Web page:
Wednesday, 18 July 2012
Oh I Do Like To Be Beside The Seaside
Does living by the coast make you healthier?
The BBC is reporting that ‘People living on the English coast are more likely than those living inland to say they are fit and well, an analysis of census data suggests.
‘The researchers said living in areas such as Skegness, St Ives or Scarborough was linked to a "small, but significant" improvement in health’.
The Telegraph has the headline 'The sea air? It really is healthy'.
Before we go any further, there is a big difference between feeling well and being healthy. Two different claims are being made, one about quality of life, the other about levels of health. The first is subjective, the second objective and therefore measureable.
People taking alternative medicine often report 'feeling better', sometimes through the operation of the placebo effect. But this doesn’t mean that they are better - and, in the case of alt med, this 'feeling' may even be dangerous if it leads to avoiding proper doctors.
A notable example of this inconsistency is a study done at Bristol Homeopathic Hospital, which 'found' that 75% of children with asthma 'felt better' after treatment. The flaws in this claim were pointed out by both the BBC and Dr Ben Goldacre. Conditions may also be self-limiting (they would have got better on their own) so external factors like treatment (or where you live) can be irrelevant. Or the condition may be periodic so the patients may be experiencing a period of less intense manifestations after a more extreme one (reversion to norm).
Then there is the problem of self-reporting, which is notoriously unreliable.
The researchers of the current study analysed data from 48.2 million people in the 2001 England census. As part of the census, people were asked ‘over the last 12 months would you say your health has on the whole been: good, fairly good or not good?’
There is a recognised psychological tendency that if people are asked to think back over a period of time, they will remember the most recent events more strongly as these memories are more salient. So if they are feeling well at the time of the census, they are less likely to focus on episodes of illness early in the year.
There is also a tendency that means a long period of illness ending in a short period of wellness will be considered more bearable (and may be reported as better health overall) than a long period of wellness ending in a short period of illness.
And how do you accommodate the 'mustn't complain, stiff upper lip' section of the population, the hypochondriacs and the ones who love a good moan?
So both self-reporting and 'feeling better' should be ringing alarm bells in the reporting of this story.
The study the media are referring to is called ''Does living by the coast improve health and wellbeing?'
It was conducted by the European Centre for Environment and Human Health at the Peninsula College of Medicine and Dentistry at the University of Exeter.
The study points out that 'robust evidence of direct, environmentally-induced salutogenic (health promoting) effects is scarce'.
The researchers investigated the relationship between people who reported their health as ‘good’ in the 2001 census and how close they lived to the coast. They found that people living under 1km from the sea were 1.13 percentage points more likely to say they were in 'good health' than than people living over 50km from the sea.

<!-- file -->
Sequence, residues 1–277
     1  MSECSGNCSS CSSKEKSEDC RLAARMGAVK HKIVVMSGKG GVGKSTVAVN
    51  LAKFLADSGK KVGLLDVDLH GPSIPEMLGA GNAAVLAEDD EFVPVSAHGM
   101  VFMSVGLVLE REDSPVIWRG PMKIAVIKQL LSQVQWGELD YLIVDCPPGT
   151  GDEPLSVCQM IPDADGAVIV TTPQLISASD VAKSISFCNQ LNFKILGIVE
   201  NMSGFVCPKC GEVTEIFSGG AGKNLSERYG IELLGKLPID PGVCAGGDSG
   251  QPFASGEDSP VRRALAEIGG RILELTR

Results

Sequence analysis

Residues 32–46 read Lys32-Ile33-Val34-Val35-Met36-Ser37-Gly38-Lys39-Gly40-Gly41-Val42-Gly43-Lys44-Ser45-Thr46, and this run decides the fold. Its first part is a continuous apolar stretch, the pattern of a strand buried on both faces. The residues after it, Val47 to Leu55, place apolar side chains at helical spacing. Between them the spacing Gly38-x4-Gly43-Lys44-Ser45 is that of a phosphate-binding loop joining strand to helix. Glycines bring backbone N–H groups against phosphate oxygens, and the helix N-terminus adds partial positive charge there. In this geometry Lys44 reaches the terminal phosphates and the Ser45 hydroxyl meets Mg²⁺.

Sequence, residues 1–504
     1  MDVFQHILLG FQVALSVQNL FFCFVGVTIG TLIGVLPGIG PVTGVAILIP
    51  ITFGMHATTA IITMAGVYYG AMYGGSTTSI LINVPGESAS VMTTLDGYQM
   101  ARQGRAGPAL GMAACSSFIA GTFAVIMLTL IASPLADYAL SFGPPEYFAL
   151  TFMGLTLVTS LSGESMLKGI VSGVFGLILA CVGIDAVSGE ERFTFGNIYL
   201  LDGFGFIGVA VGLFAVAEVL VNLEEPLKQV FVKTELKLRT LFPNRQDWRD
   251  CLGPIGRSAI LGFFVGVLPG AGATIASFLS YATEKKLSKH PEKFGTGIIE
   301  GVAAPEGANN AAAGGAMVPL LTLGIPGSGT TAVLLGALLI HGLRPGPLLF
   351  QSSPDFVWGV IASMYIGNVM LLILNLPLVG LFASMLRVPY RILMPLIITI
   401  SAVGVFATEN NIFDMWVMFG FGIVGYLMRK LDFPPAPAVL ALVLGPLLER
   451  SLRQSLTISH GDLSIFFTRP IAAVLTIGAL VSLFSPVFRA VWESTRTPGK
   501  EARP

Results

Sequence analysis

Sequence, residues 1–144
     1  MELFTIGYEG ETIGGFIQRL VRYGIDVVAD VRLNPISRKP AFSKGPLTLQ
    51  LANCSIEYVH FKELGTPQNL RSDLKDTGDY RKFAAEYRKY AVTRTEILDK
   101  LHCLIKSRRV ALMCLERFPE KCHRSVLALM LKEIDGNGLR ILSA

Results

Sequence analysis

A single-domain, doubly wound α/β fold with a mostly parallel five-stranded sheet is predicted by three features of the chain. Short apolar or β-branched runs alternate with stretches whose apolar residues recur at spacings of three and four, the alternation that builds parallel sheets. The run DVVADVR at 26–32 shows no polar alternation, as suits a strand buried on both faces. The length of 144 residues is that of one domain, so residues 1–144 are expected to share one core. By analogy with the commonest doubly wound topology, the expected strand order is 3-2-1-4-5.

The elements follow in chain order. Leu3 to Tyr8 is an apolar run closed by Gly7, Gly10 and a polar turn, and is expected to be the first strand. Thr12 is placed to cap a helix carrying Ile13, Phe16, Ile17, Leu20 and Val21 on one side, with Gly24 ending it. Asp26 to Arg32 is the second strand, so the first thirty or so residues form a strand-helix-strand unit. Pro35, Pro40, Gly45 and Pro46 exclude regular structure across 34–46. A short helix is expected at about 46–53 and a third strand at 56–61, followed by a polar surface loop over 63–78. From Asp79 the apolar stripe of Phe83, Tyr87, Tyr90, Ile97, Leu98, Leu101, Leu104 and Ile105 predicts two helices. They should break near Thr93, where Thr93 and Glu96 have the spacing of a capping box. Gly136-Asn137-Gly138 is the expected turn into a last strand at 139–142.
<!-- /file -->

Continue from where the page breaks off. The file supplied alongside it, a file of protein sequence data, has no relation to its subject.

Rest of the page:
So it's a pretty small effect even if it is big enough to be statistically significant.
One interesting finding was that the effect was stronger in the most deprived areas because living by the sea 'may mitigate some effects of living in a deprived area'.
Or because wealthier people generally feel better anyway because they have better diets, living conditions and so on, so living by the sea adds less to their overall quality of life. Or because wealthier people who move to the seaside tend to be old and older people generally have poorer health. The study didn't differentiate between people who had always lived by the sea and those who had moved there or how long they need to be there for the effect to become observable.
It noted positive effects of seaside living as 'increased physical activity, stress reduction and positive emotions'. While going for walks on the beach would have a health benefit, the other two effects are subjective and harder to quantify.
Although the study says that there is an observed correlation between feeling healthy and mortality rates or the results of health surveys, its results don't definitively support this finding and the conclusion is only that 'coastal communities may have better physical health due to the stress-reducing value of greater leisure time spent near the sea' (my italics). It also concludes that more study is needed.
To be fair to the BBC and the Telegraph, the study doesn't always clearly distinguish between health benefits and a general sense of well-being. But it is certainly not the break-through study the headlines suggest.
The BBC had a related story in April, reporting that a study of 2,750 people presented to the British Psychological Society examined the effects of different types of outdoor environments on people. It found that in six different age groups the seaside was always identified as being a 'more positive experience' than inland parks or country walks.
So there does appear to be a small quality of life benefit to living by the sea, especially if you're poor, but there is still no clear evidence that it is healthier.
The answer to the study's title 'Does living by the coast improve health and wellbeing?' is 'health - maybe, wellbeing - probably' - which doesn't make for very good headlines. Living by the sea could be a kind of placebo.
Incidentally, nothing on earth would make me move to Weston-Super-Mare.